Interactions between the Indonesian throughflow and circulations in the Indian and Pacific Oceans SCIE SCOPUS

Cited 40 time in WEB OF SCIENCE Cited 0 time in Scopus
Title
Interactions between the Indonesian throughflow and circulations in the Indian and Pacific Oceans
Author(s)
McCreary, Julian P.; Miyama, Torn; Furue, Ryo; Jensen, Tommy; Kang, Hyoun-Woo; Bang, Bohyun; Qu, Tangdong
KIOST Author(s)
Kang, Hyoun-Woo(강현우)
Publication Year
2007
Abstract
(Cir)culations associated with the Indonesian Throughflow (IT), particularly concerning subsurface currents in the Pacific Ocean, are studied using three types of models: a linear, continuously stratified (LCS) model and a nonlinear, 41/2-layer model (LOM), both confined to the Indo-Pacific basin; and a global, ocean general circulation model (COCO). Solutions are wind forced, and obtained with both open and closed Indonesian passages. Layers 1-4 of LOM correspond to nearsurface, thermocline, subthermocline (thermostad), and upper-intermediate (AAIW) water, respectively, and analogous layers are defined for COCO. The three models share a common dynamics. When the Indonesian passages are abruptly opened, barotropic and baroclinic waves radiate into the interiors of both oceans. The steady-state, barotropic flow field from the difference (open - closed) solution is an anticlockwise circulation around the perimeter of the southern Indian Ocean, with its meridional branches confined to the western boundaries of both oceans. In contrast, steady-state, baroclinic flows extend into the interiors of both basins, a consequence of damping of baroclinic waves by diapycnal processes (internal diffusion, upwelling and subduction, and convective overturning). Deep IT-associated currents are the subsurface parts of these baroclinic flows. In the Pacific, they tend to be directed eastward and poleward, extend throughout the basin, and are closed by upwelling in the eastern ocean and Subpolar Gyre. Smaller-scale aspects of their structure vary significantly among the models, depending on the nature of their diapycnal mixing. At the exit to the Indonesian Seas, the IT is highly surface trapped in all the models, with a prominent, deep core in the LCS model and in LOM. The separation into two cores is due to near-equatorial, eastward-flowing, subsurface currents in the Pacific Ocean, which drain layer 2 and layer 3 waters from the western ocean to supply water for the upwelling regions in the eastern ocean; indeed, depending on the strength and parameterization of vertical diffusion in the Pacific interior, the draining can be strong enough that layer 3 water flows from the Indian to Pacific Ocean. The IT in COCO lacks a significant deep core, likely because the model's coarse bottom topography has no throughflow passage below 1000 m. Consistent with observations, water in the near-surface (deep) core comes mostly from the northern (southern) hemisphere, a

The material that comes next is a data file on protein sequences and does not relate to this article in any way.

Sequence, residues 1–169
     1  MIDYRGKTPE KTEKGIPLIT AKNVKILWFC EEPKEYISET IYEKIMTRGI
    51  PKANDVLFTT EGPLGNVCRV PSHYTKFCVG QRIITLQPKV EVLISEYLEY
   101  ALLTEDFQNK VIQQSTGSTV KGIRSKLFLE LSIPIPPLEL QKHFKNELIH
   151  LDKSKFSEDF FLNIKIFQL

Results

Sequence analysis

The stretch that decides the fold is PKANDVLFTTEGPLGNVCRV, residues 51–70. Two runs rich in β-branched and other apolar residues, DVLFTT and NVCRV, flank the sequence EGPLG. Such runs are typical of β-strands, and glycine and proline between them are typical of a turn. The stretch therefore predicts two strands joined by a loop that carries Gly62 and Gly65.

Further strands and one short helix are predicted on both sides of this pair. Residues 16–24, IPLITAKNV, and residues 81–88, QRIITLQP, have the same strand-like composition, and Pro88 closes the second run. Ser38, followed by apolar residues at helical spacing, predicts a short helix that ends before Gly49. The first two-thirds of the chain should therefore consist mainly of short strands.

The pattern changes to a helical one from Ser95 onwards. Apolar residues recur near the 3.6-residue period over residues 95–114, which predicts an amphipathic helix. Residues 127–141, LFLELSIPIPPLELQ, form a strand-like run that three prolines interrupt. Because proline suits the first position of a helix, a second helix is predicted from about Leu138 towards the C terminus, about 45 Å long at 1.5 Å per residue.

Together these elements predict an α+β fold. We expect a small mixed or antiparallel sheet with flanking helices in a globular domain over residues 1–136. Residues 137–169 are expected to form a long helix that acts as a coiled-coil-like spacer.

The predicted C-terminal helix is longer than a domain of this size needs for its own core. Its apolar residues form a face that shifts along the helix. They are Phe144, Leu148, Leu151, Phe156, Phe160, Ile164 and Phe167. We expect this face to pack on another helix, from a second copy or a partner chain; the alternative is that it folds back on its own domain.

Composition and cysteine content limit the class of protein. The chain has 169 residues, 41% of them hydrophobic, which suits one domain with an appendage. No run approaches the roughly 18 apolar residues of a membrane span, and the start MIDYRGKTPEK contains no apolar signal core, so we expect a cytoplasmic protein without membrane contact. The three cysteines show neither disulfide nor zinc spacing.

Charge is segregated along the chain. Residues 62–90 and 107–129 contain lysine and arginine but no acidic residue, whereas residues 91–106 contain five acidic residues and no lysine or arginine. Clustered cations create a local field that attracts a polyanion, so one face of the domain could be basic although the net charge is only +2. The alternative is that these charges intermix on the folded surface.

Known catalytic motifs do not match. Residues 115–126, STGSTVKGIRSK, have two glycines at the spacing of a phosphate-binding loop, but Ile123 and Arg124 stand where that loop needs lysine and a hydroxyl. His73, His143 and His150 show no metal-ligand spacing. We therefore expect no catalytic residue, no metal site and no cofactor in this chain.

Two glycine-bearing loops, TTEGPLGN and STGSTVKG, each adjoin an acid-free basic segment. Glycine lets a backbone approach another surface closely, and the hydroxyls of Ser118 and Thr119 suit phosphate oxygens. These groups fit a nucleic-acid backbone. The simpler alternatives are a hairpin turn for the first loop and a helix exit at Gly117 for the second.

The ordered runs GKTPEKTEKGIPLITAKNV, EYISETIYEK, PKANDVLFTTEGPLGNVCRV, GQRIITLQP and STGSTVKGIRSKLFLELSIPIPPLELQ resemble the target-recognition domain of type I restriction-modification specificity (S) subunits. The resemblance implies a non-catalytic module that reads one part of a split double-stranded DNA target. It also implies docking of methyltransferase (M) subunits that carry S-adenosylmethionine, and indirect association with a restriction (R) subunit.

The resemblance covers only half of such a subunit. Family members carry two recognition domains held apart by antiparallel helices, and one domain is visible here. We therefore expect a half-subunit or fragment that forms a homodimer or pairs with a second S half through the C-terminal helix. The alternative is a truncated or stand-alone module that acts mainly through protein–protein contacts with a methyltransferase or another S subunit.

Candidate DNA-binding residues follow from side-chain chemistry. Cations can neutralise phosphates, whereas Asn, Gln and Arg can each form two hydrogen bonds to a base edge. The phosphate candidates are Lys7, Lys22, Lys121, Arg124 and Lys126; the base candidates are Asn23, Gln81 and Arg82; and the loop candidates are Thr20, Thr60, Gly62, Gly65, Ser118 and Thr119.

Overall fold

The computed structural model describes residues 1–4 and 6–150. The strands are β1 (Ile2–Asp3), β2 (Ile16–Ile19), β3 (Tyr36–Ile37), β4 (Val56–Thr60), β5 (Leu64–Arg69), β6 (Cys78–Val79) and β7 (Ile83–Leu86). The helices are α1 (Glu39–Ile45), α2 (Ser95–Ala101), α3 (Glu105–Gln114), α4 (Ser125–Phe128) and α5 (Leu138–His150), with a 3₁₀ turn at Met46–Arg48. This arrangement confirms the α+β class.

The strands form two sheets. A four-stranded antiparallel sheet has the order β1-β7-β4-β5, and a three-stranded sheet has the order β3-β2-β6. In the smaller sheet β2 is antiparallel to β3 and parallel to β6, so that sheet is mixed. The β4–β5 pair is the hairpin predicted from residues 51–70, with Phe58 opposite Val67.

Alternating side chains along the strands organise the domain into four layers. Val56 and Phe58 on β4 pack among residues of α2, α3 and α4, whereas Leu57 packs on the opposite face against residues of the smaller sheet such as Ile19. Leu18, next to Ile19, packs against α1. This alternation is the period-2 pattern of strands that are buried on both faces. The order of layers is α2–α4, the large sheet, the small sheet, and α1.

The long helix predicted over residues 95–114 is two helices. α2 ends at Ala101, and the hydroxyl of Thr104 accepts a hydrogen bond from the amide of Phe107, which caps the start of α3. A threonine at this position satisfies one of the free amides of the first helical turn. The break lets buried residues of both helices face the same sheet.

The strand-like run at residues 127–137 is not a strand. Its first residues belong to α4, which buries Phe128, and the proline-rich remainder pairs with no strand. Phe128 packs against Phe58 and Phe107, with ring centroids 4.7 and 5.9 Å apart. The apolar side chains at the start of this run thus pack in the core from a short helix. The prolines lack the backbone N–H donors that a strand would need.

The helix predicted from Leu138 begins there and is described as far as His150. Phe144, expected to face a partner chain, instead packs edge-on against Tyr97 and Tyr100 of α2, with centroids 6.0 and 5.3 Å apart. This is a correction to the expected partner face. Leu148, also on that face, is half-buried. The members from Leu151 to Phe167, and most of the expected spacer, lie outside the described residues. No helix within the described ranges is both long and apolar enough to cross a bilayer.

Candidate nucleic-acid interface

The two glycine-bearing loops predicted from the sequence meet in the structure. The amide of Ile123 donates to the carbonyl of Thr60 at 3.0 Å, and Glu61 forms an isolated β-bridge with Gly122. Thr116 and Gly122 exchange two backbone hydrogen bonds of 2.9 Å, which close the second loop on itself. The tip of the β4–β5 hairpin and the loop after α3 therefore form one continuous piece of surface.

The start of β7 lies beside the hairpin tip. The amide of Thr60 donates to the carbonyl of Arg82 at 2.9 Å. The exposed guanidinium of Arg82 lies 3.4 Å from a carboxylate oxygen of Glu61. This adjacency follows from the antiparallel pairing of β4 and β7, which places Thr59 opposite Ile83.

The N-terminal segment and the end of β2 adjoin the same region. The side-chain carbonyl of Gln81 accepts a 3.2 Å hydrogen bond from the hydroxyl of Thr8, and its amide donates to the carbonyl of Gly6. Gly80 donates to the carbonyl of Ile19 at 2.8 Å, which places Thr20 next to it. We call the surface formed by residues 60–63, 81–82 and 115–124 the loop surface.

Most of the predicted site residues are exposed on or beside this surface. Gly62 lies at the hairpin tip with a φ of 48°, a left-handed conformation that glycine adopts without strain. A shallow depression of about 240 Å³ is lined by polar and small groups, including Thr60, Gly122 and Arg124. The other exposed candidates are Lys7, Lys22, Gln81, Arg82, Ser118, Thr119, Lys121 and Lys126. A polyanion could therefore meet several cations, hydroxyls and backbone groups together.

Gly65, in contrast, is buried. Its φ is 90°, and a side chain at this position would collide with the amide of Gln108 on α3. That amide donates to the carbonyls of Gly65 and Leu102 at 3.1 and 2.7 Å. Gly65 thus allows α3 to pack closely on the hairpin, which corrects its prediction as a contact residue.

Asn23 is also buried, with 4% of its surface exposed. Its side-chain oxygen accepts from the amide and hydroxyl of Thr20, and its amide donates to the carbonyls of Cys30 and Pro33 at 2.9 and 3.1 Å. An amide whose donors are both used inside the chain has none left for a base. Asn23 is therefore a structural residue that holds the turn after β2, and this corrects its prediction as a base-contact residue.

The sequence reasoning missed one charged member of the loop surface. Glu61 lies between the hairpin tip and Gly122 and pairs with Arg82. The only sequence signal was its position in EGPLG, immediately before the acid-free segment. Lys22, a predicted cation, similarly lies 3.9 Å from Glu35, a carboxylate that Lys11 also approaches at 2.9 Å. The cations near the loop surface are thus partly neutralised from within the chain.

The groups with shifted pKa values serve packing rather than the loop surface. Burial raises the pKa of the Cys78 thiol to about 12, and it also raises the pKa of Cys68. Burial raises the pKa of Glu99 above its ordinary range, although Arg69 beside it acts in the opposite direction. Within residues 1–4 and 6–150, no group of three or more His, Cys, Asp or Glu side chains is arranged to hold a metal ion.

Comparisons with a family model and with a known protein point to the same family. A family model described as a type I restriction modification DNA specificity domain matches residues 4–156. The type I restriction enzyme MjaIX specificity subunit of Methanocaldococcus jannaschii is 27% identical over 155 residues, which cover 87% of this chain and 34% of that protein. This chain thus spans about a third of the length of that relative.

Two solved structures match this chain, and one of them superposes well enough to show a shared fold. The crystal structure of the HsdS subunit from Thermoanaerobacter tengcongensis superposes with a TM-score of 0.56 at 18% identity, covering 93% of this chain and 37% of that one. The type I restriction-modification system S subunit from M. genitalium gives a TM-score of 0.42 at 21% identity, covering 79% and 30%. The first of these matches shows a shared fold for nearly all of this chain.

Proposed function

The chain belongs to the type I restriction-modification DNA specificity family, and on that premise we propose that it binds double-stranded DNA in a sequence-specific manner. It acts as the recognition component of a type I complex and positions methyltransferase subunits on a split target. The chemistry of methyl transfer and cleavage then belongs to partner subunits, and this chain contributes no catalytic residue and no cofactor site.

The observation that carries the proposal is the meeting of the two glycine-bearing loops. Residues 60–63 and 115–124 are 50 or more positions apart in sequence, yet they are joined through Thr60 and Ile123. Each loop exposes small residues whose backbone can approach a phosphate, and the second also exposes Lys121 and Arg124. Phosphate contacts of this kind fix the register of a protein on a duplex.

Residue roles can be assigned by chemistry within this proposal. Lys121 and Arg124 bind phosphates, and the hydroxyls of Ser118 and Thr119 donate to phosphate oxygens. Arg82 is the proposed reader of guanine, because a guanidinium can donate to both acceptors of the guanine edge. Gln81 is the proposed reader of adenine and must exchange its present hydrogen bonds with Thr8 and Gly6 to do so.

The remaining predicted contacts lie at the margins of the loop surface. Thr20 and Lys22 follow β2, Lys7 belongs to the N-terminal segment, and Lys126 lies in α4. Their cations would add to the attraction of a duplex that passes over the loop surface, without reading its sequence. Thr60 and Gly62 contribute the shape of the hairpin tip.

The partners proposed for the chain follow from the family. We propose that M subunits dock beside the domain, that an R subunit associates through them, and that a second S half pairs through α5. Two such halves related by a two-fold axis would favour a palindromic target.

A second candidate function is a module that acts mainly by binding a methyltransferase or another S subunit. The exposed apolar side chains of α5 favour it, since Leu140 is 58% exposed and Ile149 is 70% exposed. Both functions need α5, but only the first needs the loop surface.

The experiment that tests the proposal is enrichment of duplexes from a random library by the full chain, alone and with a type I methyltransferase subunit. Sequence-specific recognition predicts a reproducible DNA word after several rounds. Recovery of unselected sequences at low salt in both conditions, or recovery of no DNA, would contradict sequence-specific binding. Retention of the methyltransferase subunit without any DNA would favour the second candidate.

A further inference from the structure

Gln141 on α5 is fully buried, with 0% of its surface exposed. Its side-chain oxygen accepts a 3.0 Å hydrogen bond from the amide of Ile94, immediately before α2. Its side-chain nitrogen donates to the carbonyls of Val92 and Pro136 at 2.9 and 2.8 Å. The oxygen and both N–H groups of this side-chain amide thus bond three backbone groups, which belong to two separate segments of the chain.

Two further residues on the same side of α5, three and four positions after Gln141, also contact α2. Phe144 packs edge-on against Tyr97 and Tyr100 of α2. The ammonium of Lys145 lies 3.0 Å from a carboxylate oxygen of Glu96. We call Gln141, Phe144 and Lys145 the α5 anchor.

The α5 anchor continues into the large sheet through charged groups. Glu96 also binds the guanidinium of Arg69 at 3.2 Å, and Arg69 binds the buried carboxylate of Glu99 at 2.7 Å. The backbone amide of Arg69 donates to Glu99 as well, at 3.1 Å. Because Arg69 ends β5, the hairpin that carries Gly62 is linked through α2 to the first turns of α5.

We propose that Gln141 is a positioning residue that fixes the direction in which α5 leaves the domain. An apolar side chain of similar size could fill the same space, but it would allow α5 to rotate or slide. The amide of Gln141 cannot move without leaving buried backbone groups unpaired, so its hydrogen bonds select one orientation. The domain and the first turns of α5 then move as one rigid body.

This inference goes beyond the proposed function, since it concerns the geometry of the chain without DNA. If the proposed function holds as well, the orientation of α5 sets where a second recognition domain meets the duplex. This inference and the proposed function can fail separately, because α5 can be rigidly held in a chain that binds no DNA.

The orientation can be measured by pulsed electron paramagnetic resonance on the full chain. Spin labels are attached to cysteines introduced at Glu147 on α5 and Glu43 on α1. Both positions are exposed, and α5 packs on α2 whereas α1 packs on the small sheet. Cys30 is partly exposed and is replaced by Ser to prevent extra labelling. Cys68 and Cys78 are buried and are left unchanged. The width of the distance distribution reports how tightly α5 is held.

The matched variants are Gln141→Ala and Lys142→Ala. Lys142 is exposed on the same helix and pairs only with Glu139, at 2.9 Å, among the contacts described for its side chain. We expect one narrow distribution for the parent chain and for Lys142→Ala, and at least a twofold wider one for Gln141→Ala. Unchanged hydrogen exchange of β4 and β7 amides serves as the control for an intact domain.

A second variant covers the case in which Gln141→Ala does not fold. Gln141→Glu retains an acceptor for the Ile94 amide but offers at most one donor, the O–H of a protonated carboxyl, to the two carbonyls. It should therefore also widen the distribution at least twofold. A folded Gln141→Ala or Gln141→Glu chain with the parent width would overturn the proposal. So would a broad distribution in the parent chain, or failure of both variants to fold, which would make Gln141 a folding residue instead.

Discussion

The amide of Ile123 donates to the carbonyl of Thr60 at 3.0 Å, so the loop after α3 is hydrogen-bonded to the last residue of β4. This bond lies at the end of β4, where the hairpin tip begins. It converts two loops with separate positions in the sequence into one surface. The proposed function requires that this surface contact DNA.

ISSN
0079-6611
URI
https://sciwatch.kiost.ac.kr/handle/2020.kiost/4750
DOI
10.1016/j.pocean.2007.05.004
Bibliographic Citation
PROGRESS IN OCEANOGRAPHY, v.75, no.1, pp.70 - 114, 2007
Publisher
PERGAMON-ELSEVIER SCIENCE LTD
Subject
WESTERN EQUATORIAL PACIFIC; ANTARCTIC INTERMEDIATE WATER; DEPTH-INTEGRATED FLOW; MAKASSAR STRAIT; SOUTH-PACIFIC; WORLD OCEAN; SUBSURFACE COUNTERCURRENTS; VENTILATED THERMOCLINE; HEAT-TRANSPORT; WIND STRESS
Keywords
Indonesian throughflow; pacific ocean; Indian ocean; antarctic intermediate water; thermostad water; great barrier reef undercurrent; Tsuchiya Jets
Type
Article
Language
English
Document Type
Review
Publisher
PERGAMON-ELSEVIER SCIENCE LTD
Related Researcher
Research Interests

Marine System Modeling,Ocean Climate,Ocean Circulation,해양시스템모델링,해양 기후,해양 순환

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